The similarities among business travelers in different regions vastly outnumber the differences, acting as a testimony to increasing globalization. Age and experience don’t impact the zest for business travel, though there are differences in technique. Finally, while men still represent the majority (63 percent) of business travelers globally, with the ratios varying from country to country, women now represent a significant portion (37 percent in our sample) of business travelers and their attitudes and needs look a lot like those of their male cohorts. Only a handful of slight differences stood out. 

Several outlets

This study, called the CWT Connected Traveler Study, provided content for several outputs, including videos, social media initiatives, communications materials used by CWT program managers, press releases and interviews with the mass and trade media and more. 

There are so many ways to look at the data – regionally, comparatively, by topic, across demographics – that CWT has been able to tease out the findings into all sorts of content. It has released four separate press releases from the Connected Traveler Study, detailing different groupings of findings:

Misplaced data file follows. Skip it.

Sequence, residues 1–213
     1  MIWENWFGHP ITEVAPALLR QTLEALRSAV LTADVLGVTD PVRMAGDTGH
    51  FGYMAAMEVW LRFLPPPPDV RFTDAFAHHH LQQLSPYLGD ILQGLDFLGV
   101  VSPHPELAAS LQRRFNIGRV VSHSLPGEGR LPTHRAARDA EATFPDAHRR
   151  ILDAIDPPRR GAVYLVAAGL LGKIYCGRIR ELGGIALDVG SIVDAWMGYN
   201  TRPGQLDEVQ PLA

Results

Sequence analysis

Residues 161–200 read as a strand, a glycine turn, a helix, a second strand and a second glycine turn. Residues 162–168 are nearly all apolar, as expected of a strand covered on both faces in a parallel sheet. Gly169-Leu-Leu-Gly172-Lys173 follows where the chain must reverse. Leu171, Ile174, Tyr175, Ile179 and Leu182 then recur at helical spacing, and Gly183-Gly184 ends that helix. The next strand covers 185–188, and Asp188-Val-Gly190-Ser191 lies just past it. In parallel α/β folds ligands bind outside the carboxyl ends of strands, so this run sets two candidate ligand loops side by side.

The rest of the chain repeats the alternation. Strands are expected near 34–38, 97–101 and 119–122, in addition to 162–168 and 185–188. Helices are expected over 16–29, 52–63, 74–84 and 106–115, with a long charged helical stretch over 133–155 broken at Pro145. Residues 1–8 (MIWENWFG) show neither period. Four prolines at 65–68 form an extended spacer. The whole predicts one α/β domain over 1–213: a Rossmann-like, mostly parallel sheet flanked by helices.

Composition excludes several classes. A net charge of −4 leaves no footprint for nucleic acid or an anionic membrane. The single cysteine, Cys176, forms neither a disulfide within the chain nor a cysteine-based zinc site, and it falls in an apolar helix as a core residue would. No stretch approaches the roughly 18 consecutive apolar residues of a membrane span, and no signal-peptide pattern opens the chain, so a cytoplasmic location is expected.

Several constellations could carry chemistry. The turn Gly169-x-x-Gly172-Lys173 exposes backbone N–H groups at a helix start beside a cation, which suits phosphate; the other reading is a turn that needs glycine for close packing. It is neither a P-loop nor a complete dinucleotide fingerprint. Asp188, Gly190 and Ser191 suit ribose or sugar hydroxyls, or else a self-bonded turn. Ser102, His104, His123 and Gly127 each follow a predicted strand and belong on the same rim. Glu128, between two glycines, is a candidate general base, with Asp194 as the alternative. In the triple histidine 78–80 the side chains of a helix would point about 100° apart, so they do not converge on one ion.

• Business travelers find they are very productive while on the road due to more technology options
  • Carlson Wagonlit Travel Research: European travelers least worried about safety and security
  • Carlson Wagonlit Travel Research: Business travelers from the Americas are best at staying in touch with family [http://bit.ly/2jC1jVQ]
  • CWT Research: Millennials like to travel in groups – and are the most security-conscious

“We found with this study that there were opportunities to tell several stories from the same data, as we asked the right questions that allowed us to drill down and really understand traveler behaviors,” says Walker. “This allowed us to get in front of the media multiple times over the course of a few months. Plus, we timed some of our releases around events that would be relevant to the media. As one example, we published findings about how travelers from America stay in touch with their families just before Thanksgiving.”

In addition to giving CWT thought-leadership content, the results of this study are also used to inform the work that it does. By understanding the perspectives and concerns of its clients, CWT is better positioned to provide corporate and government travelers with tailored and enjoyable travel experiences.